I also really enjoyed the displays curated by various staff members at their partner museums, and I loved the one guest curator’s idea of having a “hats and cats” museum instead (the sample stuffed cat wearing a hat was pretty great, though I strongly suspect real cats would be not so enthused about hats). All the vintage hat ads were cool too, and may have inspired me to start wearing the cloche I acquired a few years back, but have never worn out of the house because I fear unruly youths will mock me and snatch it off my head.

  

The floor underneath the hatstravaganza contained old hat factory machinery (the building is housed in an old factory, though I wasn’t real clear on whether it was actually a hat factory. I think it may have just been a cotton mill). This is where the guided tour would have paid off, because tour groups are allowed access into a couple special areas that we weren’t, and got way more information about the machinery than what was provided on the signs (judging by the group that was going through while we were there), but to be honest, my interest in hat manufacturing is nowhere near as great as my interest in looking at and trying on unusual hats, so I was content with just reading the signage.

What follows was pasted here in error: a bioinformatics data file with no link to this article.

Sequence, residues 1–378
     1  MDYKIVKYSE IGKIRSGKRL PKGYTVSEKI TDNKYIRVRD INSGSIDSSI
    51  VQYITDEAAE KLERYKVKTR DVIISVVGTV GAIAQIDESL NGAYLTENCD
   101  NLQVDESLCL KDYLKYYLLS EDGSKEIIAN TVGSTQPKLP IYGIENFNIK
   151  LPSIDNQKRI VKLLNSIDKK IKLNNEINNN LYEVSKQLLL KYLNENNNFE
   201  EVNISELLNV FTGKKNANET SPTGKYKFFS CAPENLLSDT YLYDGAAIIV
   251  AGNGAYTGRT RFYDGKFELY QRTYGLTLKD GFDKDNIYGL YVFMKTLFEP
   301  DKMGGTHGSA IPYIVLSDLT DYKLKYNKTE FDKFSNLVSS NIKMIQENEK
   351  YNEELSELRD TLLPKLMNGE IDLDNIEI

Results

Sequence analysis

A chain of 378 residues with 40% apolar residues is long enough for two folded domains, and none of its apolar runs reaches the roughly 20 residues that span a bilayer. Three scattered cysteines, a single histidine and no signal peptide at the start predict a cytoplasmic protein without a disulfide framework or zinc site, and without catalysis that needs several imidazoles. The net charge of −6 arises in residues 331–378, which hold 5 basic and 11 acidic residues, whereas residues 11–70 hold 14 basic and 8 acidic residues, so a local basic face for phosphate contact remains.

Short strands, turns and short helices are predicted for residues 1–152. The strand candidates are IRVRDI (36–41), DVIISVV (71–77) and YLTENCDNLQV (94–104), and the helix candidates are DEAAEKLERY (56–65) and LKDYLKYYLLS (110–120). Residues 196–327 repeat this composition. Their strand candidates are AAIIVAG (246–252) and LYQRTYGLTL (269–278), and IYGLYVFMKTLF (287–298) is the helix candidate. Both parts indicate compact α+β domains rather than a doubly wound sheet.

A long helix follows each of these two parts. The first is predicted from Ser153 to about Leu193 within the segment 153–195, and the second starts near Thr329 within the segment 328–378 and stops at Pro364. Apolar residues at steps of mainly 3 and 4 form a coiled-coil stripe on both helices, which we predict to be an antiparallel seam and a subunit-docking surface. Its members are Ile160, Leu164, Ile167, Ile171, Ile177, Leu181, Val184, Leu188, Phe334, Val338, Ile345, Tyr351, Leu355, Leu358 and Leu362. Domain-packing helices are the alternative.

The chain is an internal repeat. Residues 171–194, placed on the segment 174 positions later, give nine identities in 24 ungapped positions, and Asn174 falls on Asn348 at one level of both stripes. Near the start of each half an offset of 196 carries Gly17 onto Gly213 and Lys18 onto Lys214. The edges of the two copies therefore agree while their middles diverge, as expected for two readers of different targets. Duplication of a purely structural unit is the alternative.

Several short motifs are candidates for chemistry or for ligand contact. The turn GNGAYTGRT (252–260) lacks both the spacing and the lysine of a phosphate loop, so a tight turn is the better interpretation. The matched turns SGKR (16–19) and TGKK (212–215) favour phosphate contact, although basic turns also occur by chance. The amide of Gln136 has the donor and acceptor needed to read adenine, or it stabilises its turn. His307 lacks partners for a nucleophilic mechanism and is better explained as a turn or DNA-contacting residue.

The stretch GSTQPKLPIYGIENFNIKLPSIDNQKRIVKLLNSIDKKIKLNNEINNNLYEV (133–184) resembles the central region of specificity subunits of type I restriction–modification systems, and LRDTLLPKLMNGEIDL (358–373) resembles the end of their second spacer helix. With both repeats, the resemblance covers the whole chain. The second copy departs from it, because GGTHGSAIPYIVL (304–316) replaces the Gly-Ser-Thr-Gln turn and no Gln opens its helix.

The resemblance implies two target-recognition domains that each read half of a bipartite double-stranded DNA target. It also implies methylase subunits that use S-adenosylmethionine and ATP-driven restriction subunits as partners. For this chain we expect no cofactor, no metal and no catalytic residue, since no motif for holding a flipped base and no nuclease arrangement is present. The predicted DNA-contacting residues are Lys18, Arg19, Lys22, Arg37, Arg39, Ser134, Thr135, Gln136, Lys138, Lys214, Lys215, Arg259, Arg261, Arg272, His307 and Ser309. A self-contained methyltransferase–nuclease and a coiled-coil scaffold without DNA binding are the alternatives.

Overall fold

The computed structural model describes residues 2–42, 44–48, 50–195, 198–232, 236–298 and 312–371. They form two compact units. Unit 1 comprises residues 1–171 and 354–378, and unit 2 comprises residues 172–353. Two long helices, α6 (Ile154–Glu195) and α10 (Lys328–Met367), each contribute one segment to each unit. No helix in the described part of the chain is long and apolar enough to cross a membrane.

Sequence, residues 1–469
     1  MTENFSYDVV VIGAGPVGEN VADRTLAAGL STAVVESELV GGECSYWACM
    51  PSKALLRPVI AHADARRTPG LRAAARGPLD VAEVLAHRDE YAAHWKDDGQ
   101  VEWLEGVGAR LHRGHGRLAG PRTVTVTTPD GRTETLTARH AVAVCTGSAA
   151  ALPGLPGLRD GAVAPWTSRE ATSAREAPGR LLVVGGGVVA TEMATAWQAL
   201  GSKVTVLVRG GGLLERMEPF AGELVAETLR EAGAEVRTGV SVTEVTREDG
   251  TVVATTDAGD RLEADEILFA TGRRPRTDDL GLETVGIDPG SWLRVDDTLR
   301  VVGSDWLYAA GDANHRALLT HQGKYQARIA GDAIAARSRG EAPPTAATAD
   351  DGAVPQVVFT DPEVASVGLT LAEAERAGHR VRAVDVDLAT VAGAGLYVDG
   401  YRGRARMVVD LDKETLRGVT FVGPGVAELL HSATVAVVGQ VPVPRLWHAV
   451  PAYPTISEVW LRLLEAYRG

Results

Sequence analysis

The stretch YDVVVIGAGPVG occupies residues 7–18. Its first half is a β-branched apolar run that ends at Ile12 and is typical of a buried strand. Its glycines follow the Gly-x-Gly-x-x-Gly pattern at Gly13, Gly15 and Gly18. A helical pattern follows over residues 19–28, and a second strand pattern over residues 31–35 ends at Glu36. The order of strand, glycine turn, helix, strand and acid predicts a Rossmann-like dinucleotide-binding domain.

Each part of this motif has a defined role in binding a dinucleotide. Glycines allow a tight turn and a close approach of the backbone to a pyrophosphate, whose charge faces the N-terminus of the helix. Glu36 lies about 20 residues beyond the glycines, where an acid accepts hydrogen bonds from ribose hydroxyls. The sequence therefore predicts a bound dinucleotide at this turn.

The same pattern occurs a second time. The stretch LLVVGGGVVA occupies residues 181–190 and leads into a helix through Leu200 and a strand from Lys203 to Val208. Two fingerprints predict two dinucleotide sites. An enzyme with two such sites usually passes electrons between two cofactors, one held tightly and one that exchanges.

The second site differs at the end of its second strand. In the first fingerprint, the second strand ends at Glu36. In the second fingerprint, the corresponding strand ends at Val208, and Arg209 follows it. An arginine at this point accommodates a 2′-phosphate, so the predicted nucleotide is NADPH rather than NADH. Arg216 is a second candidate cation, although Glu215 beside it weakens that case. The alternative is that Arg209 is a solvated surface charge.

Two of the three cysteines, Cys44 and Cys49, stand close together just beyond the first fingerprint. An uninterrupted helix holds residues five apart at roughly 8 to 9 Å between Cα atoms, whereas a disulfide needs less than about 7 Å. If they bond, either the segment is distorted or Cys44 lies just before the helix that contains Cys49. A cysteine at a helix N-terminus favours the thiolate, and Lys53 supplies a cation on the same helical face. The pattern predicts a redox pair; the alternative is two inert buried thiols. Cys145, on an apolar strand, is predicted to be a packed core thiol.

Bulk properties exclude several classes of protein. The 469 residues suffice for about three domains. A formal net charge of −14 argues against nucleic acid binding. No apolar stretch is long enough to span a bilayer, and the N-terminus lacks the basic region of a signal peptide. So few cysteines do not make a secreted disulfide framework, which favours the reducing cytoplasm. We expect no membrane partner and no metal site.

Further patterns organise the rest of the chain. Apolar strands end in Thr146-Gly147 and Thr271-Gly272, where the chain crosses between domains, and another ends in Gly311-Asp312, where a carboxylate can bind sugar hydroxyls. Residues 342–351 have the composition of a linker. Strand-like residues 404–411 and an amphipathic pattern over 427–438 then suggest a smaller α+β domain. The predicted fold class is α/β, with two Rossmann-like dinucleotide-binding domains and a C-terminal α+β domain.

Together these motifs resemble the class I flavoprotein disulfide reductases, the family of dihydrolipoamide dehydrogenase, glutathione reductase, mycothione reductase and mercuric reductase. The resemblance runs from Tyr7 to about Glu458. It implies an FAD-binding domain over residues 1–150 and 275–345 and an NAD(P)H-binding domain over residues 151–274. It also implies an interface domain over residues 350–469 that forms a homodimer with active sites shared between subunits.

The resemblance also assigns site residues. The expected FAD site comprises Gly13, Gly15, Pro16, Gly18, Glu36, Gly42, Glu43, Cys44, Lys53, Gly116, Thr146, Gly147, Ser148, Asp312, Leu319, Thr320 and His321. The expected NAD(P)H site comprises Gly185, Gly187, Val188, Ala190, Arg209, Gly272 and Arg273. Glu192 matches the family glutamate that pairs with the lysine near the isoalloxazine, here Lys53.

There was also a mock-up of an old hatter’s cottage, which was pretty depressing, and perhaps authentically cold, as well as some information about the history of hat makers (not enough info about them going mad from mercury poisoning, but there was a bit). Basically, like everyone else who was working class in Victorian Britain, they had grim lives, with the added benefit of potential insanity, and male hatters were incredibly resentful of female hatters because they drove wages down. By this point it was already cutting it close for us getting back home at a reasonable hour, so I didn’t spend as much time in here as I probably should have, but the hat exhibition floor was definitely my preferred floor anyway, and I had ample time to look at that.

  

The gift shop sells, as you might expect, a variety of hats for men and women, though I declined to purchase one on this occasion, since I already own that cloche that I’m not wearing. I did get a postcard of what was allegedly the Duke of Wellington’s hat from Waterloo (the big feathery thing) which is also on display inside the museum (see below). I was pleasantly surprised that the museum was so much larger and hattier than I was expecting, and even if I had to pay £5, I would have been quite content with what I got to see in return, because it really was an excellent hat museum (as well it might be, if it’s the only one in Britain). 4/5 for the Hat Works, and it’s not the only museum in Stockport – I might have to go back some day to tour the old air raid shelter (and investigate the biscuit factory further – I want those defective extra caramelly digestives that may or may not exist)!